Now, however, the story has changed. Those who routinely get a large EPF deduction need to pay attention. From this year onwards, the tax-free interest income is available only up to an annual EPFO deposit of Rs.2.5 lakh. If there is no employer contribution, the limit will be Rs.5 lakh. For an annual contribution above this limit, the interest earned will be added to your taxable income as in the case of any other deposit. As with banks and other deposits, TDS will be deducted quarterly.

To implement the new rule from this year on, the EPFO will maintain two separate accounts for all those who start contributing more than Rs.2.5 lakh a year. One of the EPF accounts will continue to operate as it currently does. In the other account, the amount will be taxable and TDS will be deducted.

The taxable part of the balance and its interest income will accumulate here. This part of the EPF will be just another deposit (for the time being) with a slightly higher interest rate than that for bank or other deposits. However, the long lock-in period in the EPF becomes more relevant, changing the equation completely.

Let’s consider an example, wherein you contribute Rs.3 lakh a year to the EPF over and above the Rs.2.5 lakh limit. Let’s also assume that the interest rate from now onwards is 8% and that your marginal tax rate is 30%. So, every year, you will earn 8% on your accumulated amount and pay 30% of that earning as income tax. To simplify, I’m considering the entire annual inflow and tax as a single event; this is not how it happens, but will suffice for my argument here.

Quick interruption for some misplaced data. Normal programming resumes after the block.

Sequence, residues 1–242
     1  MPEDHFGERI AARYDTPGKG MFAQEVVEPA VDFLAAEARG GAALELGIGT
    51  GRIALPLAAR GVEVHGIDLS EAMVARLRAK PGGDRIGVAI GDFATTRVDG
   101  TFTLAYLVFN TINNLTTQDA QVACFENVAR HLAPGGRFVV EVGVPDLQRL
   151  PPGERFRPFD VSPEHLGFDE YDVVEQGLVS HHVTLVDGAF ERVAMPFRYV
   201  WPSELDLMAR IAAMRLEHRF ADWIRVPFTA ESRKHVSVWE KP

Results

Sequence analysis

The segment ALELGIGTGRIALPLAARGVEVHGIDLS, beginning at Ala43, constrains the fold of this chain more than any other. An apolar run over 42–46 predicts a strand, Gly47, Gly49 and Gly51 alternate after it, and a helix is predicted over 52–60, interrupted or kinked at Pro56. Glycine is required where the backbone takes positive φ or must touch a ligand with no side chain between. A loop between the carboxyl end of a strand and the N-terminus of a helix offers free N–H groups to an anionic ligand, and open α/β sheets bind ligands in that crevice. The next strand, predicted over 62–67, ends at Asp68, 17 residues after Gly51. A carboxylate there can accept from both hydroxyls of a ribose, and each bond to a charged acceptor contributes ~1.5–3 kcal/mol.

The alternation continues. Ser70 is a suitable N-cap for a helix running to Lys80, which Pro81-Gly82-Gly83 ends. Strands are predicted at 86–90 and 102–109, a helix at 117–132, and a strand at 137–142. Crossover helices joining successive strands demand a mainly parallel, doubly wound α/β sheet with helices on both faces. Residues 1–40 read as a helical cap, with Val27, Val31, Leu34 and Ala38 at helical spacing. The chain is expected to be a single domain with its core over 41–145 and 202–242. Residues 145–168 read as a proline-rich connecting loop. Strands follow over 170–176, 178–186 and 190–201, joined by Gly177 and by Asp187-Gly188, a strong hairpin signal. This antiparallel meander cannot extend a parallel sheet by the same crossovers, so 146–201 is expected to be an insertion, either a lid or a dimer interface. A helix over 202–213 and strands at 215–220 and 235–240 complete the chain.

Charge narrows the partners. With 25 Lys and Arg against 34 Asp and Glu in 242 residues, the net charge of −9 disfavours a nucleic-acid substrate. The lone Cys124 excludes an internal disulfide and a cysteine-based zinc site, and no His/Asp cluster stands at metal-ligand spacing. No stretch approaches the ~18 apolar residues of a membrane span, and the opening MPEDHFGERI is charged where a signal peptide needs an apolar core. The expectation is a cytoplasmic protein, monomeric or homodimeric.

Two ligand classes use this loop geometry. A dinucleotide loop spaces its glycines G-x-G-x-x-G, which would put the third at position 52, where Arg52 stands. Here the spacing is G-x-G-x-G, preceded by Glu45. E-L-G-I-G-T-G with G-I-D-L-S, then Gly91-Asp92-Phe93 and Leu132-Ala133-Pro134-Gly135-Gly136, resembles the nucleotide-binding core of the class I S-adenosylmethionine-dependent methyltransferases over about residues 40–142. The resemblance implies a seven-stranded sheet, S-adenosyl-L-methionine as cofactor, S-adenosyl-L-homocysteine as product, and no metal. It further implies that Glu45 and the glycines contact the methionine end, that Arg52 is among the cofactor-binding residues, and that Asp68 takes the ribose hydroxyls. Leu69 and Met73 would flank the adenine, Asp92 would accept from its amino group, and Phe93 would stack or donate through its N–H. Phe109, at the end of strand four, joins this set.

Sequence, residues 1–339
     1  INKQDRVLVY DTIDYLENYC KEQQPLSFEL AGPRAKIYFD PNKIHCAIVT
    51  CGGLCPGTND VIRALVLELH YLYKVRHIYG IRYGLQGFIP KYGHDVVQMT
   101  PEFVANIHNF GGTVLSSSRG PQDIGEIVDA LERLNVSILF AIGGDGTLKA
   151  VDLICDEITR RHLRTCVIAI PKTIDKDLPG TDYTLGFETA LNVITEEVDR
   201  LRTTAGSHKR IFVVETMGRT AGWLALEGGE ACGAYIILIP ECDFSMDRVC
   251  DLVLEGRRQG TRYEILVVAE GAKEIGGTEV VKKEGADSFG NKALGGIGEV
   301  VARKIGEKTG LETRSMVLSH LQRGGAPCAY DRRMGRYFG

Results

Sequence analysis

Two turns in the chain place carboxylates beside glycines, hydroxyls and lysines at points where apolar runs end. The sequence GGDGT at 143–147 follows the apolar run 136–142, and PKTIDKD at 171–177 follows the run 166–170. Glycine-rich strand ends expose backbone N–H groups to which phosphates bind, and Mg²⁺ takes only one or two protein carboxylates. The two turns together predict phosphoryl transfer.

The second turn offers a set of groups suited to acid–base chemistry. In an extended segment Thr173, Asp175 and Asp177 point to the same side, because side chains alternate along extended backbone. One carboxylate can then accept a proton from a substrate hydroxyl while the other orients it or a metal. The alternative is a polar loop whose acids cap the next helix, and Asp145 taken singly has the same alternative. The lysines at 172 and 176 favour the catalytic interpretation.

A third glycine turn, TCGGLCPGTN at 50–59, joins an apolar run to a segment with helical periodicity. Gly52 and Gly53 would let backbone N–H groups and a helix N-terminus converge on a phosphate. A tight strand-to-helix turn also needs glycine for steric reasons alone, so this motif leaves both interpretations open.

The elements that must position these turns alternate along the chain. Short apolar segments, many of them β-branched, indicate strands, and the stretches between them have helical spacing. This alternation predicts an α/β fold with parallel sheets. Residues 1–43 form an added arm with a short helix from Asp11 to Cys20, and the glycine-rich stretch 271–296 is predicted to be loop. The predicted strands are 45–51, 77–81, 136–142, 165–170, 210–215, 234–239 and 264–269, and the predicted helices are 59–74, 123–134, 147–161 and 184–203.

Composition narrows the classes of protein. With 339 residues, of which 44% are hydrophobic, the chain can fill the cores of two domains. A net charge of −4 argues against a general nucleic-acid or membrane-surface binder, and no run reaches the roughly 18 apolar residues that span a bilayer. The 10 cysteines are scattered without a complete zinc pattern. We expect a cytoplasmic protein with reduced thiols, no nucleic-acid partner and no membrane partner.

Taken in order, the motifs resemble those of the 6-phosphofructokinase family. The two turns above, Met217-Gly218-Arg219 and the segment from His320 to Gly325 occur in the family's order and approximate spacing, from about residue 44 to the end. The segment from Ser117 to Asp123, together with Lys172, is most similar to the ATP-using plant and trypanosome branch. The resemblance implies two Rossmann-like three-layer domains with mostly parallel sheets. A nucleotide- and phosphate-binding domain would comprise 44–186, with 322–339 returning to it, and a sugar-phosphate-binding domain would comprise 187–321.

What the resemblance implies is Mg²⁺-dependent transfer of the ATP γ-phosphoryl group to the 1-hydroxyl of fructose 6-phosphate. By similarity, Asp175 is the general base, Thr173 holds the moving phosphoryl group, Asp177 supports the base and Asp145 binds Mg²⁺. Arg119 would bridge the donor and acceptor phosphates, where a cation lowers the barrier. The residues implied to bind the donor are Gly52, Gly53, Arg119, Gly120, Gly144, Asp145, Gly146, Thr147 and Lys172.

Had Rs.3 lakh a year gone into the nontaxable EPF account, it would have grown to Rs.1.48 crore in 20 years. However, in the taxable account, given the above conditions, it will accumulate to only Rs.1.12 crore. The continuous taxation means that the true post-tax internal rate of return is just 5.62%. So, it’s a deposit with a decades long lock-in period and a return of 5.62% a year. Does this seem like a good deal to you? No, not to me either.

So what should you do? Here’s a heretical idea. Instead of a taxable EPF account, why not invest this money in an equity fund? You could choose a conservative largecap fund or, perhaps, a Sensex or Nifty ETF. Of course, there would be volatility, but over 20 years, it would get evened out. The returns would almost certainly be better. Let’s run the same calculation again, but let us assume that these 20 years are exceptionally damp for equity and returns are also the same 8%. Let the only difference be the taxation.

In this case, with the same inflow, you would end up with Rs.1.39 crore instead of Rs.1.12 crore. Remember, in an equity mutual fund, the money would accumulate without taxation and will be taxed once at the end when it is withdrawn, and that too at only 10%. The true internal rate of return here would be 7.48%. In equity, 20 years of uninterrupted accumulation with just one taxable event means that 8% gets reduced to 7.48%. In reality, you get a far higher return with equity.

Taxability makes the extra contribution to the EPF a highly questionable idea. I don’t think anyone who has read the above argument carefully would need any more convincing about additional contribution.

By the Author:CEO, VALUE RESEARCH